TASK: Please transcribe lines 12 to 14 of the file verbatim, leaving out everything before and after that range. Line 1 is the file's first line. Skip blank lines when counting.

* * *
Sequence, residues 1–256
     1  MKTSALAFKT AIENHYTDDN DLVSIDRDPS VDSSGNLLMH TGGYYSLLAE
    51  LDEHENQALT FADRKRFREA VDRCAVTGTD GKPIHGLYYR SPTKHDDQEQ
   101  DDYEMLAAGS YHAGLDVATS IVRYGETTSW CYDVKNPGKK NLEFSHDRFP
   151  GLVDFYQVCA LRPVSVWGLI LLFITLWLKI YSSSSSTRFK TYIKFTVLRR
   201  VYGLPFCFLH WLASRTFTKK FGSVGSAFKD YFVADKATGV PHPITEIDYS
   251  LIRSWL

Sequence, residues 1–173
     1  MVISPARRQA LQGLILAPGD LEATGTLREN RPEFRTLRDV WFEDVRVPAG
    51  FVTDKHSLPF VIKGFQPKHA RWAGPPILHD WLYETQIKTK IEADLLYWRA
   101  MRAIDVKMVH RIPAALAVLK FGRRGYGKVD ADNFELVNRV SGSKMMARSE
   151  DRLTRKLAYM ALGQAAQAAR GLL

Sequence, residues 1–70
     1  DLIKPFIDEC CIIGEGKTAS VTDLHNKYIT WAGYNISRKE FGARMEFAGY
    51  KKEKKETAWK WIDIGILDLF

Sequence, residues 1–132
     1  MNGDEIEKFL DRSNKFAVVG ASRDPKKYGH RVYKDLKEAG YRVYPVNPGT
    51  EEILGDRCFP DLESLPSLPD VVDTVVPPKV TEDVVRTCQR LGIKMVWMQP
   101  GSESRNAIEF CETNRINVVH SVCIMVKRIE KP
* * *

   151  DRLTRKLAYM ALGQAAQAAR GLL

Sequence, residues 1–70
     1  DLIKPFIDEC CIIGEGKTAS VTDLHNKYIT WAGYNISRKE FGARMEFAGY